Donald Trump's bid to impede a criminal investigation into his possession of documents taken from the White House has begun to unravel, legal experts said, after courtroom setbacks including doubts expressed by judges about the former U.S. president's claim that he declassified records seized at his Florida home.
The former president has experienced disappointments on multiple fronts this week as his lawyers try to slow down the Justice Department investigation that kicked into high gear with an August 8 court-approved search of his Mar-a-Lago residence in which FBI agents found 11,000 documents including about 100 marked as classified.
A three-judge panel of the Atlanta-based 11th U.S. Circuit Court of Appeals on Wednesday ruled that federal investigators could immediately resume examining the classified records, reversing Florida-based U.S. District Judge Aileen Cannon's decision to wall off these documents while an independent arbiter assesses whether any should be withheld as privileged.
"Cannon's ruling is so far out of the norm, and the 11th Circuit did such a good job of thoroughly dismantling her opinion," said Jonathan Shaub, a former attorney in the Justice Department's Office of Legal Counsel who now teaches law at the University of Kentucky.
Trump may appeal the 11th Circuit's ruling to the Supreme Court, but experts doubted the justices would agree to hear it. The 11th Circuit's panel included two judges appointed by Trump.
At issue in the investigation, one of several legal woes entangling Trump as he considers another run for the presidency in 2024, is whether he broke federal laws preventing the destruction or concealment of government records and the unauthorized possession of national defense information. The Justice Department is also looking into whether Trump unlawfully tried to obstruct the investigation.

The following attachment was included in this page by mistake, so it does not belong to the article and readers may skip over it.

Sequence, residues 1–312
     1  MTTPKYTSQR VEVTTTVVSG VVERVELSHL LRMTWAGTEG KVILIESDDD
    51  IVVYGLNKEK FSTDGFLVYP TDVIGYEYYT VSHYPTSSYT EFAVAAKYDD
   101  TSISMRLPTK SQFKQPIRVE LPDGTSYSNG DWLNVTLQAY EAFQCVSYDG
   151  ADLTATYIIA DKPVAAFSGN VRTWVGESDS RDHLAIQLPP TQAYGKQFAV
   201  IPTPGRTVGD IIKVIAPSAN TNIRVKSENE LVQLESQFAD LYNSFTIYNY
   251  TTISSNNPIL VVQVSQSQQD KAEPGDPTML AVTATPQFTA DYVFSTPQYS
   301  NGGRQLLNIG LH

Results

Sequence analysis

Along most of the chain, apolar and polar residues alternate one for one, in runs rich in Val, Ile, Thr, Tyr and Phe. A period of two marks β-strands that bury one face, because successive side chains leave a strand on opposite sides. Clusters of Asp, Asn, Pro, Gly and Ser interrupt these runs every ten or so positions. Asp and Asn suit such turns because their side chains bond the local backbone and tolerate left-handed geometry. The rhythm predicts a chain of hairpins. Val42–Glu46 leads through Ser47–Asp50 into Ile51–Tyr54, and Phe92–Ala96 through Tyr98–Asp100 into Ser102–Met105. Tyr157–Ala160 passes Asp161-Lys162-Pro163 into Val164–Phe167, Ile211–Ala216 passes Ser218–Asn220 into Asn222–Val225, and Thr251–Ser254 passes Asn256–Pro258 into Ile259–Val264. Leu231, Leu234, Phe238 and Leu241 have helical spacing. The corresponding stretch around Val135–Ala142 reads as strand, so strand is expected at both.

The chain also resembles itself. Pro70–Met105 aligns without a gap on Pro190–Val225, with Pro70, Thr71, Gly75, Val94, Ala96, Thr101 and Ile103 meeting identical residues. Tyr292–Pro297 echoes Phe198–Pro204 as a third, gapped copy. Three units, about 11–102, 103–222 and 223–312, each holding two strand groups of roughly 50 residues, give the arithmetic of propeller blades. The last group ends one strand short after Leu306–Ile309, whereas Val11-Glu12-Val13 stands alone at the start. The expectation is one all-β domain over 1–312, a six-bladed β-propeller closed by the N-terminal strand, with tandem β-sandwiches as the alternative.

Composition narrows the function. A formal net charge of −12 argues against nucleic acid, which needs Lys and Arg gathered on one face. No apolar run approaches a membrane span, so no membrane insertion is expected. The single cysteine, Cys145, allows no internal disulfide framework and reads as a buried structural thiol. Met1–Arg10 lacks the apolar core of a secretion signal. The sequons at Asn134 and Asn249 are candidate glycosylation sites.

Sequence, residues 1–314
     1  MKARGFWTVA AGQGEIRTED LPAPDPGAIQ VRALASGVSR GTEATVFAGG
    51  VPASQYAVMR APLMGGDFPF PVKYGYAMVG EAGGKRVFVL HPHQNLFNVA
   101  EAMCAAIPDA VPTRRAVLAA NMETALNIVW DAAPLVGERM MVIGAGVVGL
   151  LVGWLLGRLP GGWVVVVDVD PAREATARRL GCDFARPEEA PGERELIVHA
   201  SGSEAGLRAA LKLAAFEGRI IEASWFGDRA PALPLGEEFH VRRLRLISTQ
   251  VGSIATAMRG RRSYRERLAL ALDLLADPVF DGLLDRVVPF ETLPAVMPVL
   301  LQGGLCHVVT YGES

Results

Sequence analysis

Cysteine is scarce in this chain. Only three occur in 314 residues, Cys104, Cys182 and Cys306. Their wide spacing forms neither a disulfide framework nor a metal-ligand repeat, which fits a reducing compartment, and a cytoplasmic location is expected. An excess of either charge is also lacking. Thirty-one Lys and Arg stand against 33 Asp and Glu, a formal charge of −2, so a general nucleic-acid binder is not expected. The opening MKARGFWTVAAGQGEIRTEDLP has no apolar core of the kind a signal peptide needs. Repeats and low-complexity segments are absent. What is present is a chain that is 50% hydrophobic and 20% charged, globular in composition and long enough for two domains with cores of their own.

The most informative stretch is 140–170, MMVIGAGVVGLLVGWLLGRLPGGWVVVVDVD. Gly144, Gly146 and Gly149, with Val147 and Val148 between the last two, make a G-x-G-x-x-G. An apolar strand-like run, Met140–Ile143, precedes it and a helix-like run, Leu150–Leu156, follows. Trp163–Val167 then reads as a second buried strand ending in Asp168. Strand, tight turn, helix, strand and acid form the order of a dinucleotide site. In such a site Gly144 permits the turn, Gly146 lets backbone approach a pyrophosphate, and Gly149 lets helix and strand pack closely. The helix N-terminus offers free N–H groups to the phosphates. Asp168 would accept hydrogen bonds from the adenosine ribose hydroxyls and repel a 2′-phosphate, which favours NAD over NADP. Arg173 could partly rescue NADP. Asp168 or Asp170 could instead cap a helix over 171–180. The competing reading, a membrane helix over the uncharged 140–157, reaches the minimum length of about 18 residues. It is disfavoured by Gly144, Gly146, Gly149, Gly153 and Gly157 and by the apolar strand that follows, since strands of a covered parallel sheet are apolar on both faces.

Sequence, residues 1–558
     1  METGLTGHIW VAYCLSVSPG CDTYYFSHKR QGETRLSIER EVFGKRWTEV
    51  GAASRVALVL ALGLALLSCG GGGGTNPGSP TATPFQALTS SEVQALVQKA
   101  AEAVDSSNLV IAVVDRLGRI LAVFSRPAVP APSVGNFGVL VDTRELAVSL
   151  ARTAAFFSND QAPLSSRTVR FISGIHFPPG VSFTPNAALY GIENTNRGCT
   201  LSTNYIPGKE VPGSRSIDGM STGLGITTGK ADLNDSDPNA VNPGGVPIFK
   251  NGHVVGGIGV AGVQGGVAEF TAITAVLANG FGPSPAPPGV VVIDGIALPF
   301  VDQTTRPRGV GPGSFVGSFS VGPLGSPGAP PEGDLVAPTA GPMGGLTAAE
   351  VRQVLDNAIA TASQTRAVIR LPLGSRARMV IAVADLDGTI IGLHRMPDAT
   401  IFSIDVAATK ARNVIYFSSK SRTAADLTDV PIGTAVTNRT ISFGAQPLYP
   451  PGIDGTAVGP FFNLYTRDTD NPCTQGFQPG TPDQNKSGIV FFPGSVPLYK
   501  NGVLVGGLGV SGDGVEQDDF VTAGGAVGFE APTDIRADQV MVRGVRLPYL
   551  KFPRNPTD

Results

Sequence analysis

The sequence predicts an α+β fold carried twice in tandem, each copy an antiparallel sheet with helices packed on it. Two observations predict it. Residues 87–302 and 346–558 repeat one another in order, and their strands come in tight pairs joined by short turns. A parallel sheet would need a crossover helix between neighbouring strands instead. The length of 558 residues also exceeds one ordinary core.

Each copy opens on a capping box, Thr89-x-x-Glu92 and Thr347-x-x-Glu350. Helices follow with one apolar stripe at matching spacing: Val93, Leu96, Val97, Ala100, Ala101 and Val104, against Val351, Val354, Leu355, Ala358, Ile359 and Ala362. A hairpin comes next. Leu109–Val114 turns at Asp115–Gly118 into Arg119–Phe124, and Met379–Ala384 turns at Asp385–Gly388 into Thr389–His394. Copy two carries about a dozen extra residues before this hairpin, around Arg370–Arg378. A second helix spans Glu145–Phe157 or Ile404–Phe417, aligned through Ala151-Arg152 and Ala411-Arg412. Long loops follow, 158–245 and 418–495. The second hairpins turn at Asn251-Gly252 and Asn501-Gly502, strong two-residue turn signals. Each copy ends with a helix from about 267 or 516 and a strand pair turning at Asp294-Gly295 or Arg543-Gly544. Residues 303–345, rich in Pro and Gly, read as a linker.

Trump has not been charged with any crime and the mere existence of an investigation does not mean he will be.
As part of Trump's counterattack against the investigation, he has made public claims that he personally declassified the seized records.
"If you're the president of the United States, you can declassify just by saying it's declassified, even by thinking it," Trump told Fox News on Wednesday. "You're sending it to Mar-a-Lago or wherever you're sending it, and there doesn't have to be a process."
Trump's lawyers, however, have stopped short of stating in court that he declassified the documents, though they have not conceded that they are classified.
The 11th Circuit called Trump's declassification argument a "red herring." The three statutes underpinning the FBI's search warrant at Mar-a-Lago make it a crime to mishandle government records, regardless of their classification status. The 11th Circuit also said it could not discern why Trump would have "an individual interest in or need" for any of the documents marked as classified.
Trump's lawyers did not immediately respond to a request for comment.